Do you own a crawl space? Have you ever considered the difference between crawl space encapsulation vs. vapor barrier?
Crawl space encapsulation is where you seal the entire crawl space of the house using a water vapor barrier that is usually made of heavy-duty polyethylene. Crawl space encapsulation will ensure your crawl space is free of moisture, Pests, bad-quality air, and mold.
A vapor barrier is also known as a moisture barrier. On the other hand, it is a plastic liner that allows you to maintain a clean and dry crawl space for a safer and healthier home.
This article focuses on how the two methods differ, the best option, the pros and cons, and many other areas you need to know before making a choice.
What Is The Difference Between Crawl Space Encapsulation And A Vapor Barrier?
Though these waterproofing methods help control moisture in crawl spaces, they also differ.
For crawl space encapsulation, you need a plastic layer that has a thickness of 12mm to 14 mm to conceal the entire crawl space completely. Vapor barriers do not require such thick layers and therefore do not completely seal the space.
Another difference between the crawl space encapsulation and the vapor barrier is the requirement for a dehumidifier. If you decide to encapsulate your crawl space, it is best to install a dehumidifier to maximize the effectiveness of encapsulation. However, when installing a vapor barrier, a dehumidifier is not essential.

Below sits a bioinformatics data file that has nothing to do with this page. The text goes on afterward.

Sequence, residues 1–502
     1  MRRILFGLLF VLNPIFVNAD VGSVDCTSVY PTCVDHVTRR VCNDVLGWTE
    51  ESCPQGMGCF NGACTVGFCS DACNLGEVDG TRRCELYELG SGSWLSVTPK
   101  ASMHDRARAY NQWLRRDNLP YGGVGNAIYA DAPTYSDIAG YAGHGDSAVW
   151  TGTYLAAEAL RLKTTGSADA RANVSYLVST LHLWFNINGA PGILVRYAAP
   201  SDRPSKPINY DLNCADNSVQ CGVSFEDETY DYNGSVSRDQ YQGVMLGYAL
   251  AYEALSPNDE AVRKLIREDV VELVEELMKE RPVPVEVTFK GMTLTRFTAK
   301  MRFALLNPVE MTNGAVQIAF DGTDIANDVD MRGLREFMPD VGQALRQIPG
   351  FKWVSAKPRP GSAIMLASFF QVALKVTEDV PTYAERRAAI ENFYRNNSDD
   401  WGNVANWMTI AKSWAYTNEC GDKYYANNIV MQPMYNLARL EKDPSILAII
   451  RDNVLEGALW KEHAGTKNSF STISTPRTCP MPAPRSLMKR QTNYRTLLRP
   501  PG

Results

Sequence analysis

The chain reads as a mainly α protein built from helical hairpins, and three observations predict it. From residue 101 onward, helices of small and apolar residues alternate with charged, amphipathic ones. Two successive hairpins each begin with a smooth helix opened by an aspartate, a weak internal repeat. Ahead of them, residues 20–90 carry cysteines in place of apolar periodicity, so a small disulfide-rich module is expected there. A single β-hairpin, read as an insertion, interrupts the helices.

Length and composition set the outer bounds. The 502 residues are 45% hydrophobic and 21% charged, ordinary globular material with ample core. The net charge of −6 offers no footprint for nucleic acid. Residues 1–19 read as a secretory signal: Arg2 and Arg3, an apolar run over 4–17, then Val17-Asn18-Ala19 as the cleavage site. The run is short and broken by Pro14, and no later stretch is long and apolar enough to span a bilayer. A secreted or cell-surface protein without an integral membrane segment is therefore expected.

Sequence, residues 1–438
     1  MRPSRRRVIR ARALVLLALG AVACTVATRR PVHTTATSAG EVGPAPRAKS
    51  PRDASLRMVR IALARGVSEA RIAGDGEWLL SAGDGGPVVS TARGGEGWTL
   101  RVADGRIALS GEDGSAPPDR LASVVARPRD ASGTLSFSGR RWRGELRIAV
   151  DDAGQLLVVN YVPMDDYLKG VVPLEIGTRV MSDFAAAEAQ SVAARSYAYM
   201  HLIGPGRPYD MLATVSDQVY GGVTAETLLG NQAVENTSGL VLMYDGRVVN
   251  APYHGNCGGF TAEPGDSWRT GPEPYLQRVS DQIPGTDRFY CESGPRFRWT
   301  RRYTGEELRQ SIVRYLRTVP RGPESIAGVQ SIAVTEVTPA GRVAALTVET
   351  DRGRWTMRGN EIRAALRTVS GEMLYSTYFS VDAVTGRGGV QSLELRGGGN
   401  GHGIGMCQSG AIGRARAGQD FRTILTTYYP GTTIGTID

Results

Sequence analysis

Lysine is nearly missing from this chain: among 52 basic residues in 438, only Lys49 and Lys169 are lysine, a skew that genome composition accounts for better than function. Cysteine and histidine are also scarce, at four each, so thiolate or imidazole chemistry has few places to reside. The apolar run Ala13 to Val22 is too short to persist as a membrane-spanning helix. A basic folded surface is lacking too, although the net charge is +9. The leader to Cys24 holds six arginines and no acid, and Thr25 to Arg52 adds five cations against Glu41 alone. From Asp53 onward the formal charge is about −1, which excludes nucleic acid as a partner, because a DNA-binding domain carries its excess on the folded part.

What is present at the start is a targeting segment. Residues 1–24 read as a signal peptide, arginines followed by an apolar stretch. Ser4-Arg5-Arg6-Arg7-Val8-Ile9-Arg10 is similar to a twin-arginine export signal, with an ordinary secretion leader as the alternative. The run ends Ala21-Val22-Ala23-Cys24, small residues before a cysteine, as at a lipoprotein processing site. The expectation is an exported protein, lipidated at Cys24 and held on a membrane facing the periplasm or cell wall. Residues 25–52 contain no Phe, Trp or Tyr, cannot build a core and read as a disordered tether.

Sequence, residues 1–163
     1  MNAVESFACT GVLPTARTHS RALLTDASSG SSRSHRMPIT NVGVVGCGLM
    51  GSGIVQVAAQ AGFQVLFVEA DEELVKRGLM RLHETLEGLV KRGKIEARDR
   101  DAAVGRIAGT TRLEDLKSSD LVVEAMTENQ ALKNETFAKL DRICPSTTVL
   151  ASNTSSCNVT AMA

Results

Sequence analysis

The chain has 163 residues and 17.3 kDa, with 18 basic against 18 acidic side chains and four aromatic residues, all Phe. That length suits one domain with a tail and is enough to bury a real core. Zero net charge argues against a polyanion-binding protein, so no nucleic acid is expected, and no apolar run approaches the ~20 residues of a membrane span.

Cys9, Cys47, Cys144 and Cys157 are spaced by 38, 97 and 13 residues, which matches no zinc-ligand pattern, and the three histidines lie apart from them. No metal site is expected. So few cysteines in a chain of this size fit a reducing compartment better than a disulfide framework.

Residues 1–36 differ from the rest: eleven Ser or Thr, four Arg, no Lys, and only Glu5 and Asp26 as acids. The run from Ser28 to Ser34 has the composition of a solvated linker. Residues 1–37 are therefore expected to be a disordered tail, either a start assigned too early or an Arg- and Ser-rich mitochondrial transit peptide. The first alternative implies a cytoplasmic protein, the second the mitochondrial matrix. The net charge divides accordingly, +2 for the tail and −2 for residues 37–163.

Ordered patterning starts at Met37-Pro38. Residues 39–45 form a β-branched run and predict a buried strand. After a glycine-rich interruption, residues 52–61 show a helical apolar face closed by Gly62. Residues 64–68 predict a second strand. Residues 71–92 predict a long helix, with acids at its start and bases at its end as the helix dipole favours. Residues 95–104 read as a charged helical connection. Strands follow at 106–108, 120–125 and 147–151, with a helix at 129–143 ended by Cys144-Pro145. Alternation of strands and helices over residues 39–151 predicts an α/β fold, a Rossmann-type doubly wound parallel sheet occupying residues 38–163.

The vapor barrier is much more affordable than encapsulation when considering the cost, mainly because you don’t need any additional devices when installing a vapor barrier. However, for encapsulation, you need a dehumidifier and a sump pump to get the best outcome out of it.
A vapor barrier is also comparatively cheaper with maintenance. Since a dehumidifier and sump pump are required in encapsulation, these devices require maintenance. In contrast, a vapor barrier does not use either device, so no maintenance is required.
What Are The Pros And Cons Of Crawl Space Encapsulation?
Encapsulations are becoming popular today as they offer users an array of benefits.
Let’s see a few of the pros and cons of crawl space encapsulation.
- It significantly reduces the formation of mold and prevents the rotting of wood
- It contributes to reducing soaring electricity bills
- Improves air quality
- Helps pest control
- Enhances the value of the house
- Completely seals all vents and inlets of the crawl space
- Effectively controls humidity levels
- Significantly reduces issues caused to the floor of the house due to dampness underneath
- Helps to increase the durability of ductwork
- Provides better comfort and safety
- The process from purchasing to installing is expensive.
- Maintenance is necessary and expensive.
- You will have either limited or no access to the crawl space since the walls will be sealed; therefore, it is recommended to have an opening to enable access for frequent inspections and repairs in case of a breakdown.
- High chance of experiencing bad odors
- Not suitable to do it yourself as you are dealing with electricals in a dangerous environment
Considering the pros and cons of crawl space encapsulation, there are factors that you need to consider when deciding if this is the best option.
For instance, you need to consider the condition of your crawl space. Usually, the crawl space of a house is a neglected area; therefore, it isn’t easy to expect a crawl space to be maintained or in good condition.
Encapsulation gives a crawl space in poor condition a whole new look. The size of the crawl space and the climate are among the factors you need to consider if choosing encapsulation over a vapor barrier.